Is currently studying at the School of the Environment Professional Development program in Renewable Energy from the University of Toronto. Adam graduated from the University of Winnipeg with a three-year B.A. combined major in Economics and Rhetoric, Writing & Communications. Adam also writes for Solar Love and also owns his own part time tax preparation business. His eventual goal is to be a cleantech policy analyst, and is currently sharpening his skills as a renewable energy writer. You can follow him on Twitter @adamjohnstonwpg or at www.adammjohnston.wordpress.com.



  • Dragon

    I don’t see why any other tech company would get into making these tools since it’s hard to make much money on it, especially after Google has already done it first. Apple didn’t bother to compete with Google in mapping. Microsoft did and has been mostly a failure at attracting much interest. For Google to add solar roofs costs them little beyond what they’ve already invested in mapping technology.

    I was surprised to discover that Google has recently made everything in my small town 3d. Every tree, house, even a few parked cars that didn’t move for a long time now pop up in 3D when you switch Google Maps into Google Earth mode. It was really fascinating to look at. I’m pretty sure they’re extrapolating the 3D from satellite images taken at different angles. Going from there to solar roofs should be relatively straightforward other than perhaps the algorithm to pattern recognize the roofs. They probably use property boundary data to limit the areas where they look for roofs.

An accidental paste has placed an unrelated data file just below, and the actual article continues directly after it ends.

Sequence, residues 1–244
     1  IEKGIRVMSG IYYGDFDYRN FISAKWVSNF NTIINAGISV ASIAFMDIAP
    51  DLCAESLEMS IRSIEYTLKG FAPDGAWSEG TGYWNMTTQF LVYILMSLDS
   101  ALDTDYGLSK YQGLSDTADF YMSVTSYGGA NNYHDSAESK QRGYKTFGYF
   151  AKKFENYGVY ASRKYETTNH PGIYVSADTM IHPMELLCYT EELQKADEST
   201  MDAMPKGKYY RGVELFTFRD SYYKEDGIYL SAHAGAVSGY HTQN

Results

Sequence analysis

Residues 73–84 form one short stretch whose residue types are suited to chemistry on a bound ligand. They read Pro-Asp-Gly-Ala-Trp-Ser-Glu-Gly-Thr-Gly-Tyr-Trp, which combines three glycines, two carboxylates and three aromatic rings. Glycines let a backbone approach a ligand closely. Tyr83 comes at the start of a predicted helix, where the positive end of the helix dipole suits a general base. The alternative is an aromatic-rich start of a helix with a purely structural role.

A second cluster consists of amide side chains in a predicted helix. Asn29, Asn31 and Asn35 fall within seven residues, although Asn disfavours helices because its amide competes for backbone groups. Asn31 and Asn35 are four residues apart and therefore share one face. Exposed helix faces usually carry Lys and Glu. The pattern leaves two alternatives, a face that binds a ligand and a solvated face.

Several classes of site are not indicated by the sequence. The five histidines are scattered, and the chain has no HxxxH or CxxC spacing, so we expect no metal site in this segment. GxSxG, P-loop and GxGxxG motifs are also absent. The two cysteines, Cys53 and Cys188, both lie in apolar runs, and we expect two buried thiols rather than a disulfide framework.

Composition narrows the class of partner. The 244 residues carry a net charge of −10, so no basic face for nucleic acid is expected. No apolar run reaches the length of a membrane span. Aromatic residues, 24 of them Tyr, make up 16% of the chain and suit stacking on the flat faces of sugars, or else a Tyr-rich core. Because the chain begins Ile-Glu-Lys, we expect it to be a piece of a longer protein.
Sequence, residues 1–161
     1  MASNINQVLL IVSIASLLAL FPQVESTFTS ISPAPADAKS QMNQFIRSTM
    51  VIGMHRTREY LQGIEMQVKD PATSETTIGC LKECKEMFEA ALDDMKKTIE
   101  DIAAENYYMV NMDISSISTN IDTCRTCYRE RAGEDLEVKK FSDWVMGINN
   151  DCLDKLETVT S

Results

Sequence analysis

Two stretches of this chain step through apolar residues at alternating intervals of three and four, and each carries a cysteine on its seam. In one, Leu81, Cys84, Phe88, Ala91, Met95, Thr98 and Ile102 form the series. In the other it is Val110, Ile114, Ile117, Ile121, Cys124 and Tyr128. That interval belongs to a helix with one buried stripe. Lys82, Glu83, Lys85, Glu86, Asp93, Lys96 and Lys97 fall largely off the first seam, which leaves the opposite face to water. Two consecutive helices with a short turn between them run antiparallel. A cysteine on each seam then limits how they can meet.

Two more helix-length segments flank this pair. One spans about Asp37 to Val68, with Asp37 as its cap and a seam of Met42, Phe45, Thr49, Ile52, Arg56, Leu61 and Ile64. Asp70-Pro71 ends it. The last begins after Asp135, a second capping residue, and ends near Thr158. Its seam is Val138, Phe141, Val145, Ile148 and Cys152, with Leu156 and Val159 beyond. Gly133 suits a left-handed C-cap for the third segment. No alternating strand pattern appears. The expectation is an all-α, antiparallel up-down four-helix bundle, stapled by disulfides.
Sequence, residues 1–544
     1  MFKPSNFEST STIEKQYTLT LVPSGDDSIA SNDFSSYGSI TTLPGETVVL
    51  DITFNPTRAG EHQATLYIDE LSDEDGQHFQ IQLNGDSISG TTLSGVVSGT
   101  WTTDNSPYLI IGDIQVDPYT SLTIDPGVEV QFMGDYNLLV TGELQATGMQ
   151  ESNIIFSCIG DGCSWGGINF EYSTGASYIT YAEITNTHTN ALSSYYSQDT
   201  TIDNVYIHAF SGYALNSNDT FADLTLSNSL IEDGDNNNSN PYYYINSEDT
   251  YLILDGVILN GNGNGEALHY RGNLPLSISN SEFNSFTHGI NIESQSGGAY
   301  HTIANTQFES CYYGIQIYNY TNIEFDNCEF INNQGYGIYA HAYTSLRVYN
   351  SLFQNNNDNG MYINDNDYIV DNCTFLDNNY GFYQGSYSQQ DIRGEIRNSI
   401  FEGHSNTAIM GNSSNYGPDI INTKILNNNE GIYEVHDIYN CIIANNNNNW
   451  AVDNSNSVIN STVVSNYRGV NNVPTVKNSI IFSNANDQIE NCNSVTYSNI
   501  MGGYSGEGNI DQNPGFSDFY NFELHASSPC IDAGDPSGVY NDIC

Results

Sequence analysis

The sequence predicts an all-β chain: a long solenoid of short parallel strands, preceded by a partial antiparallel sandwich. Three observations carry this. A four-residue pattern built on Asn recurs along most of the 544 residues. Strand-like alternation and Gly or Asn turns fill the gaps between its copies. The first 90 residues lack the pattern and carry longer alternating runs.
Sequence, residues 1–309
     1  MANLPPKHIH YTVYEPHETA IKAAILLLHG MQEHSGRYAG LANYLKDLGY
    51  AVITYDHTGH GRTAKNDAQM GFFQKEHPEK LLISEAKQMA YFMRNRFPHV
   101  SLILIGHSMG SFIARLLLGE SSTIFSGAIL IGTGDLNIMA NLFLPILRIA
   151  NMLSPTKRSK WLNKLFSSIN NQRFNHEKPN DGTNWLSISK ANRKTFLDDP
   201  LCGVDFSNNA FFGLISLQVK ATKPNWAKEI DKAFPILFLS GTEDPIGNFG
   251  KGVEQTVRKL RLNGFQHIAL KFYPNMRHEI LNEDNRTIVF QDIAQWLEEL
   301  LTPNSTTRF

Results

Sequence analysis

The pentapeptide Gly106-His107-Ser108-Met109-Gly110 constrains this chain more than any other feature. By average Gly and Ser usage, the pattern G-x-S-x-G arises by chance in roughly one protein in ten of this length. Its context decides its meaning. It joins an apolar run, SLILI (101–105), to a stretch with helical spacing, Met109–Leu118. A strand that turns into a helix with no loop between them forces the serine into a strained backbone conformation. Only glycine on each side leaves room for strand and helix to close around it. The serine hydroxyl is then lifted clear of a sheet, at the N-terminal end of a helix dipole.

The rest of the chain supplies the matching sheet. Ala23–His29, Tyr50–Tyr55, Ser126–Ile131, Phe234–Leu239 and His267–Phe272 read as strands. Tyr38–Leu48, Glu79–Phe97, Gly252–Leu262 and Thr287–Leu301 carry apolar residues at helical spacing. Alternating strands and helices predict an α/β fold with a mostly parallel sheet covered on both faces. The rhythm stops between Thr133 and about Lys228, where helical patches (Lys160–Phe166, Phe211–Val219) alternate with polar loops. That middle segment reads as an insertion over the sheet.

• NRG4All

    Now if they will just help us in AZ to fight the electric utilities that have convinced (bought?) the Corp. Commis. to allow the utility to levy a surcharge on any house that has roof top solar (over and above the “fixed” charges that already appear on the bill).

  • I work in solar and wonder if this is good for installers, especially local ones.

  • JamesWimberley

    The prediction that others will pile in and offer competing tools is strange. Both Sunroof and PvWatts are free, so a competing product would have to be free too. The image gain would go down. Google makes money from advertising with searches, but much of the rest of the ecosystem consists of loss leaders.